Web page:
AMD Zen5-Based Turin Server Specifications Leaked

HXL, a renowned and well-known hardware leaker in the industry has shared a link that highlights AMD’s plans for Zen5. More specifically, we are looking at AMD’s server offerings based on Zen5, also known as Turin. Zen5 for servers, Turin will succeed Genoa and should arrive as the EPYC 9004 series of processors.

AMD has diversified its server offerings for various segments. We currently have Genoa Classic, Genoa-Dense (Bergamo), and Genoa-X, each suiting different needs. Much like Genoa, Turin will also receive the same treatment, being divided into 3 categories.

Turin Classic

First, let’s look at Turin Classic. This lineup of CPUs will most probably be unveiled earlier than the other two variants. Cores based on the Zen4 microarchitecture were codenamed ‘Persephone‘. Zen5 cores will be called ‘Nirvana‘. Similarly, the CCD for Zen5 SKUs should be termed ‘Eldora‘, though we probably won’t see this name used much.

AMD Turin-Classic Specs | Weibo

AMD will retain its original 8-core per CCD configuration for Zen5. Turin Classic is expected to offer CCDs packed with 8-cores and 32MB of LLC (Last Level Cache). As such the maximum configuration is up to 128 cores / 256 threads with a whopping 512MB of LLC.

For context, Genoa currently offers 96 cores across 12 CCDs with a total of 384MB of LLC. These leaked specs for AMD’s Turin show a decent on-paper improvement in performance. As per this leak, AMD has increased the cache for Turin Classic by around 33% (384MB->512MB).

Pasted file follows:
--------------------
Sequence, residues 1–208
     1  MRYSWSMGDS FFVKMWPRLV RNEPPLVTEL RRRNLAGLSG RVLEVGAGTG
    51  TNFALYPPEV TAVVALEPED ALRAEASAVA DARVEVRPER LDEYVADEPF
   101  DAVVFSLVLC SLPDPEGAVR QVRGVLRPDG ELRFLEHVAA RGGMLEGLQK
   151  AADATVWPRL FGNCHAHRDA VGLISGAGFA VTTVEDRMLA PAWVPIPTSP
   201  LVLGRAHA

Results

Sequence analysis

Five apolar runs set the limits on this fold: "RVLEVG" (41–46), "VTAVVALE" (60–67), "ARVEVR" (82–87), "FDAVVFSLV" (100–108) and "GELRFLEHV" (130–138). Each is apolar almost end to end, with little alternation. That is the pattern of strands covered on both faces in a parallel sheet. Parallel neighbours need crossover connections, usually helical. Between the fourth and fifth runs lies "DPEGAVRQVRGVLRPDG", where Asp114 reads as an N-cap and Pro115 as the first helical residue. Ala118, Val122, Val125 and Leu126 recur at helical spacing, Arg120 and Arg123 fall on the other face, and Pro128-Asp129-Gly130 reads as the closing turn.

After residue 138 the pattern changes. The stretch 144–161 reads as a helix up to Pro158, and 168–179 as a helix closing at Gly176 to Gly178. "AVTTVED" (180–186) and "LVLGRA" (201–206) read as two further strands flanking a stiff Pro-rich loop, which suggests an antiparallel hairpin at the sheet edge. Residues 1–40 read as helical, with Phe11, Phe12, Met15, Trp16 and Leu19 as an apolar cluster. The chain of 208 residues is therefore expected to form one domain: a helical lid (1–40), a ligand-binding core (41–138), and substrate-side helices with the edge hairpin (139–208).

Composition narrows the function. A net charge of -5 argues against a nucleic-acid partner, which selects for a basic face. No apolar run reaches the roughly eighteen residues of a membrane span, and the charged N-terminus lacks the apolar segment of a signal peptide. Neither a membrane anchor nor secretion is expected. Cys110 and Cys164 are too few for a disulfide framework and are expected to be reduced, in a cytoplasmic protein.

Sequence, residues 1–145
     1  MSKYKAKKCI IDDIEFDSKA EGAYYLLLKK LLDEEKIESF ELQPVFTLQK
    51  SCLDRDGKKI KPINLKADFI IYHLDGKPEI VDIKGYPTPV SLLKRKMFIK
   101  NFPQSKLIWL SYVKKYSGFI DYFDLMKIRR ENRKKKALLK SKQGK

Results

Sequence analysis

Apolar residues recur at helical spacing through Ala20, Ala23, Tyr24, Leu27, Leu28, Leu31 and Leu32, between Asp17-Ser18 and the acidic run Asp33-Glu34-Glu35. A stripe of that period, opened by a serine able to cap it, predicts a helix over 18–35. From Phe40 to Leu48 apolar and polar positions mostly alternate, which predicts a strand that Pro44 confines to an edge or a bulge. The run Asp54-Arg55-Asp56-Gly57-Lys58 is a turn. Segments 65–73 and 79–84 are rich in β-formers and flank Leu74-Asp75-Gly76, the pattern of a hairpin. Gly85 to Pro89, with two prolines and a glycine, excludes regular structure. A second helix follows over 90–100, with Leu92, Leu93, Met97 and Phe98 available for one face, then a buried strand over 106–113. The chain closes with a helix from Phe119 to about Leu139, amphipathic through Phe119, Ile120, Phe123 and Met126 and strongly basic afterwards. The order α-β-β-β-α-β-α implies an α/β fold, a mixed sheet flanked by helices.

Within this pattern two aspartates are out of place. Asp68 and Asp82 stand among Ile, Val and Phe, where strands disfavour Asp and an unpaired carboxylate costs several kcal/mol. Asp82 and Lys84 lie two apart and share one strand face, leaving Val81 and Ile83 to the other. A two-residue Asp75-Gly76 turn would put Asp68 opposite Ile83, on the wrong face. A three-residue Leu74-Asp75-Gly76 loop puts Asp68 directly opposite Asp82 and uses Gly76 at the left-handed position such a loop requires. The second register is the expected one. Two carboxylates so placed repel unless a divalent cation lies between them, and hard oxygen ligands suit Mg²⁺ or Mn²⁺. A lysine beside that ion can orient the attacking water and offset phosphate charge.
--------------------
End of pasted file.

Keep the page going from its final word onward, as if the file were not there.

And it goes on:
Turin Dense

Turin Dense is targeted for dense environments, featuring a lot of small cores. This is the direct successor to Bergamo, which currently offers 128 Zen4c cores. Turing-Dense goes up to 192 cores across 12 CCDs, for 16 Zen4c cores per CCD. The LLC also increases from 256MB to 384MB, which is a 33% increment.

AMD Turin-Dense Specs | Weibo


Turin-X is similar to Turin Classic as far as the core architecture is concerned. However, these CPUs are jam-packed with cache, thanks to AMD’s proprietary X3D cache stacking technology. The cache has increased from 1.1GB to 1.5GB. If this leak is true, then AMD is offering almost 50% more cache with Turin-X.

AMD Turin-X Specs

Power Consumption of GNR & Turin

Furthermore, the leak mentions that Intel’s 3nm-based Granite Rapids and AMD’s Turin are expected to hit upwards of 500W of power. The EPYC 9654 (Genoa Classic) consumes 360W, for some context.

AMD Turin / Intel GNR Power Consumption | Weibo


This AMD Turin leak has cleared up a lot of misconceptions regarding the CCD design and core counts. We expect to see Turin arrive sometime in 2024, alongside Granite Rapids.

Intel and AMD are planning to go all out next year with their server offerings. Since Intel is expected to shift to a new architecture and a bleeding-edge node, AMD has to remain competitive. Do you think Granite Rapids can give Intel the upper hand against AMD? Tell us in the comments below.

Source: Weibo


Abdullah Faisal

With a love for computers since the age of five, Abdullah has always sought to delve into the depths of information, and uses it as his guiding light. He believes success is of utmost importance as history is written by the victor.